Proton pump inhibitors (PPIs) potently inhibit gastric acid secretion, especially during daytime period following a daily single morning dose.
PPIs prevents ulcers and allows any ulcers that exist in the esophagus, stomach, and duodenum to heal.
The currently available PPIs include omeprazole, lansoprazole, pantoprazole, rabeprazole, esomeprazole and dexlansoprazol.
All currently available PPIs are generally well tolerated. However, adverse effects have been reported, the majority of which occur after long-term administration.
Therefore, injudicious use of PPIs including long-term PPI treatment of low grade reflux esophagitis and non-erosive GERD should be avoided, if possible.
It is important to administer PPIs only for patients who will gain a substantial clinical benefit such as patients at increased risk for ulcer development or recurrence such as those on high dose NSAID/aspirin, the elderly, past history of ulcers, and bleeding ulcers.
The following are some of the adverse effects that have been associated with PPIs.
Anaphylaxis, pancytopenia, agranulocytosis, thrombocytopenia, hemolytic anemia, acute liver damage, Lyell syndrome, Stevens-Johnson syndrome, interstitial nephritis, and rhabdomyolysis may occur in a small number of cases treated with a PPI.
Patients should be instructed to report unexplained skin eruptions, fever, or general malaise appearing within the first few weeks of PPI therapy.
Acute Interstitial Nephritis
This is a humoral and cell-mediated hypersensitivity reaction that can occur within days of therapy initiation and as long as 18 months thereafter.
Upon discontinuation of the PPI, most patients spontaneously recover from symptoms (nausea, vomiting, fatigue, fever, and hematuria).
In addition to the acute renal injury, long-term PPIs administration is associated with chronic kidney disease.
Thus, patients on PPI must be regularly checked for possible occurrence of renal dysfunction.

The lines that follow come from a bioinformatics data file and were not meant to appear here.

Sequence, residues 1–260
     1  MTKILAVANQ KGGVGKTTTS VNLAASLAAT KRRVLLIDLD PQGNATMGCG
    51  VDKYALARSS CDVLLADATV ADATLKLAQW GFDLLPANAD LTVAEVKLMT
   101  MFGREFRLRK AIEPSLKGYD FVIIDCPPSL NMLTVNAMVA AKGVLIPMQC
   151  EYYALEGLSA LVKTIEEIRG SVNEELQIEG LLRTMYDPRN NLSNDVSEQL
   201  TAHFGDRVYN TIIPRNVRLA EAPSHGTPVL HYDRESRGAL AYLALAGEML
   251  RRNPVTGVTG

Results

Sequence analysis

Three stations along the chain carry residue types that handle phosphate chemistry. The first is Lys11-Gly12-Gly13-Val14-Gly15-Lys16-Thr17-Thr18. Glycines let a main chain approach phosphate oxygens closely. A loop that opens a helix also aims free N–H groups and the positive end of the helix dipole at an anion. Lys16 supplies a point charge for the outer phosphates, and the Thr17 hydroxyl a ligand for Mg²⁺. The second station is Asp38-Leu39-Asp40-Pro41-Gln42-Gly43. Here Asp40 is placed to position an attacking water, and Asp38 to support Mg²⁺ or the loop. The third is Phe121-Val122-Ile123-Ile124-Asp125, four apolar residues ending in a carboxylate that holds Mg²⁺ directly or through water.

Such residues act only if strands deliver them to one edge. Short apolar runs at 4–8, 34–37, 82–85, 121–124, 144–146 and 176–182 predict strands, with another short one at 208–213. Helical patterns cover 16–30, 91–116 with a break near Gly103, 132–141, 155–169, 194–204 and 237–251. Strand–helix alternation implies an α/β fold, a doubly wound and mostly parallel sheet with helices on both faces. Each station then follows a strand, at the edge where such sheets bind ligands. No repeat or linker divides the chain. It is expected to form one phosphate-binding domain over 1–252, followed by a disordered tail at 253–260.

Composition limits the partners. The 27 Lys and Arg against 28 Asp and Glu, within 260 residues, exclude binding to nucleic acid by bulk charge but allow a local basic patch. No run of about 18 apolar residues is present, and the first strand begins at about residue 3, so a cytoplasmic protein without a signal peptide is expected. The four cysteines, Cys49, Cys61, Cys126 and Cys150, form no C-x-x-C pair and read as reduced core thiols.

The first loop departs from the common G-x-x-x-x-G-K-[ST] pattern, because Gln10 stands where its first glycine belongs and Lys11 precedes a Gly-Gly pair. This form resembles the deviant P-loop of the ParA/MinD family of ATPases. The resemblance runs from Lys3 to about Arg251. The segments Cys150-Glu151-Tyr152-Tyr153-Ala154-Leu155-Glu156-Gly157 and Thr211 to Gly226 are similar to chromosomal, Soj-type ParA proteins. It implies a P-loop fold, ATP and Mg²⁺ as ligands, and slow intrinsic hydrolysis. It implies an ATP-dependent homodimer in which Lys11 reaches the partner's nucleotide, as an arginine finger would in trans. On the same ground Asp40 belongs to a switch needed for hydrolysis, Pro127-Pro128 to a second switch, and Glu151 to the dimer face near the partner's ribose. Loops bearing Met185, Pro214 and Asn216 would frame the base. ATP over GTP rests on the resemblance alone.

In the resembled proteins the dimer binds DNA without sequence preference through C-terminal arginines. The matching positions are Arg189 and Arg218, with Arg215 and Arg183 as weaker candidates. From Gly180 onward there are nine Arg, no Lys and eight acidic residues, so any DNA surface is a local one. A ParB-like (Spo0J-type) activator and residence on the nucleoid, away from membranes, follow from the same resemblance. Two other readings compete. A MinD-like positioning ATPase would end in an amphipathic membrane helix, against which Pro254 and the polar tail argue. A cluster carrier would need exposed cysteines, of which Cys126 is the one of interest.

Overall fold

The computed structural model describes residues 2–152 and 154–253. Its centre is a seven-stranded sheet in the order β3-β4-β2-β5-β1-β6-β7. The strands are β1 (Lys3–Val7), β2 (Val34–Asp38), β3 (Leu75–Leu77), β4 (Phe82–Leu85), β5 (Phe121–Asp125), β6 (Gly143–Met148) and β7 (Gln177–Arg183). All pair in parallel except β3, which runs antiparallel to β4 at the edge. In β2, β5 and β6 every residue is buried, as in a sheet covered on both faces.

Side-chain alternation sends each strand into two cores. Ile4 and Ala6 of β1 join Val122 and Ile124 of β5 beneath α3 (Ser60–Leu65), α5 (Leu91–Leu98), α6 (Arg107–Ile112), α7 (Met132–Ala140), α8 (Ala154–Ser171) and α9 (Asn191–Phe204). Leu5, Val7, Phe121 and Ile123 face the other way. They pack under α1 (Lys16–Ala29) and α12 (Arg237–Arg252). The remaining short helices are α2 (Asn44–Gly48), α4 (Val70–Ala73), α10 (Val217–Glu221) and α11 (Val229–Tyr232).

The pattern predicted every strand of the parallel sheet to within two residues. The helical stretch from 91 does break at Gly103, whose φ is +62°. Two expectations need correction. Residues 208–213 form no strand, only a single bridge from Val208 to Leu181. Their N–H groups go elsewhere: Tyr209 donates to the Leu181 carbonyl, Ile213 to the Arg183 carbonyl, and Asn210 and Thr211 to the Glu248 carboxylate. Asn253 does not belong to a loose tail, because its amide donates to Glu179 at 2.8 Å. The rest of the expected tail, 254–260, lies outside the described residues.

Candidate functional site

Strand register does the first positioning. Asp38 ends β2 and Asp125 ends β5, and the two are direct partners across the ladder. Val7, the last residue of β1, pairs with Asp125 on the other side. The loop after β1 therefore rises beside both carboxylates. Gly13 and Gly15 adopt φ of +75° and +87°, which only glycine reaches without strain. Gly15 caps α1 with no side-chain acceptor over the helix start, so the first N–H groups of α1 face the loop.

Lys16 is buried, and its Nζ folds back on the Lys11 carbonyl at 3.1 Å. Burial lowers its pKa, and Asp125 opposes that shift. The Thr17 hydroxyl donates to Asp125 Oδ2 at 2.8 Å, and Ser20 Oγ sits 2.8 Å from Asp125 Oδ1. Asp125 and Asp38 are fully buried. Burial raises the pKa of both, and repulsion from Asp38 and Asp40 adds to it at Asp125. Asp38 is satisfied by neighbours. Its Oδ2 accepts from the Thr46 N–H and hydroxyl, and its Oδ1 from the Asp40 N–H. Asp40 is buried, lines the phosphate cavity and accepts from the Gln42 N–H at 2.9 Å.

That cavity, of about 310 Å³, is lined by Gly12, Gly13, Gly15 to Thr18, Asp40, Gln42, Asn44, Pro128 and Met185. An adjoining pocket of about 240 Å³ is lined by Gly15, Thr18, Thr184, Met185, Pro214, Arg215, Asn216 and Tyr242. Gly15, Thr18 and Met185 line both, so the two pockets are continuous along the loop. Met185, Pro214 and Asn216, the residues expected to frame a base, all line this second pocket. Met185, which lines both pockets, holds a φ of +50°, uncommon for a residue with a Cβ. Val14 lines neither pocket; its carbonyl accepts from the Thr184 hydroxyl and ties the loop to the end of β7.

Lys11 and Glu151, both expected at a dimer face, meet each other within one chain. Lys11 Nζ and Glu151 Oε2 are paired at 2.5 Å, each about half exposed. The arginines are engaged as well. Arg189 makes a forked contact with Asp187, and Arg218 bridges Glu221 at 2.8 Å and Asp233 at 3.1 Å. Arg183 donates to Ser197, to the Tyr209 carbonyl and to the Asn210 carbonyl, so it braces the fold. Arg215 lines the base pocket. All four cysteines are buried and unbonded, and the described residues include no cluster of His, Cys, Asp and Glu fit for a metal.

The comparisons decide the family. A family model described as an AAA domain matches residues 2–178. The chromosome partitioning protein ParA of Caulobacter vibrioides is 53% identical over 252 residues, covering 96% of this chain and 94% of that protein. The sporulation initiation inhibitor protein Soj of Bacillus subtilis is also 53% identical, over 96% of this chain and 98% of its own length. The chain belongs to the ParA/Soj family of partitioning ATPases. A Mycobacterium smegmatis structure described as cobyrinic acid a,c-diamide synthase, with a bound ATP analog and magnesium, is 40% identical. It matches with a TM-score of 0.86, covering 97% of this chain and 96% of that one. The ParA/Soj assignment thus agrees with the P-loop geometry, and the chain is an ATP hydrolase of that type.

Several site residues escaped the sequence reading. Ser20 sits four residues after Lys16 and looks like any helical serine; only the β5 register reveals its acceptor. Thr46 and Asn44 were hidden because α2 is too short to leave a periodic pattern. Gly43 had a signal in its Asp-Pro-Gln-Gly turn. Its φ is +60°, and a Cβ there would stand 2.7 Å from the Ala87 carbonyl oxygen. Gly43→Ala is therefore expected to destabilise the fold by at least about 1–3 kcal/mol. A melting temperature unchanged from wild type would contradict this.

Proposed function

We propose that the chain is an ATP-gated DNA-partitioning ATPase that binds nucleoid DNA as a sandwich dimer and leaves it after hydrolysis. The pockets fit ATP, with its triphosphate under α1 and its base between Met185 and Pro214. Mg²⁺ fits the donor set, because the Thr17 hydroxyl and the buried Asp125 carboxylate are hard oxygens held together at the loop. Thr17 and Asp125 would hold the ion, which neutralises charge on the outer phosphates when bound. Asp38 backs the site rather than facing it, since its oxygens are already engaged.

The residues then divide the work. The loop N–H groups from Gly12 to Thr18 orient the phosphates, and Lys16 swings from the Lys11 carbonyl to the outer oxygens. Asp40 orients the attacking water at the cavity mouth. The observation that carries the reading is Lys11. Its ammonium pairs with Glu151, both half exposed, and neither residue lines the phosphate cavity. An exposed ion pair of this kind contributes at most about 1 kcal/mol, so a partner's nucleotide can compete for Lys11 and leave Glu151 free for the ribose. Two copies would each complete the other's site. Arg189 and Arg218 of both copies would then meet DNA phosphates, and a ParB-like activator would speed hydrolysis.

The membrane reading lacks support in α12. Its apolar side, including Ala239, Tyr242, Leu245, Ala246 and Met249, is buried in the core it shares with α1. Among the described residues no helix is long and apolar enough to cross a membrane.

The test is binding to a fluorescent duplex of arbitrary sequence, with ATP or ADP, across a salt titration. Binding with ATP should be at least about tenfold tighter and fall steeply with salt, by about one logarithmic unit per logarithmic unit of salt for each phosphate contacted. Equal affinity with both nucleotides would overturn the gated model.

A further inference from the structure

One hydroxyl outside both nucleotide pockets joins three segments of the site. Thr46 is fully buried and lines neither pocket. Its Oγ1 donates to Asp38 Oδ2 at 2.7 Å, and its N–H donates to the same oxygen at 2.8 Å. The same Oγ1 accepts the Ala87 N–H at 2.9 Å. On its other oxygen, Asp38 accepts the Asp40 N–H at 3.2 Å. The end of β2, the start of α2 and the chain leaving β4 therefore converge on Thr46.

PPI use has been associated with an increased risk of developing community-acquired pneumonia (CAP).
Acid suppression leads to an increase in gastric pH, allowing for the overgrowth of non-Helicobacter pylori bacteria in gastric juices, gastric mucosa, and the duodenum.
PPIs also decrease anti-bacterial cellular immunity by diminishing lysosomal enzyme activity.
This can potentially lead to microaspiration and lung colonization.
It is important to ensure that patients who are at risk for CAP, including the immunocompromised, elderly, smokers, and those with COPD and asthma, are advised to get influenza and pneumococcal vaccinations.
Gastric acid is an important defense mechanism against pathogens colonizing the stomach and intestinal tract.
Acid-labile bacteria, including Salmonella, Campylobacter, and the vegetative form of Clostridium difficile, may flourish in the gastrointestinal when gastric acid secretion is suppressed by prolonged PPI use.
PPIs should be used with caution in patients who are at an increased risk for C difficile, including the immunosuppressed, the elderly, hospitalized, and patients on broad-spectrum antibiotics; H2-receptor antagonist as is a safer alternative.
Gastrointestinal tumours and cancers
It has been documented that long-term hypergastrinemia (PPI increases plasma gastrin concentration) causes neoplasia in the gastric corpus.
In patients infected with H. pylori, the administration of PPIs has been reported to augment mucosal inflammation and accelerate mucosal atrophy, which may increase the risk of gastric cancer.
In addition, hypergastrinemia can cause parietal cells to hypertrophy and enterochromaffin-like cells (ECL) to undergo hyperplasia. The net effects is an increase the risk for gastric cancer.
Some colon cancer cells have been reported to have gastrin receptors. Therefore, hypergastrinemia caused by PPI administration may stimulate neoplastic colonic cells and increase the risk of colon cancer.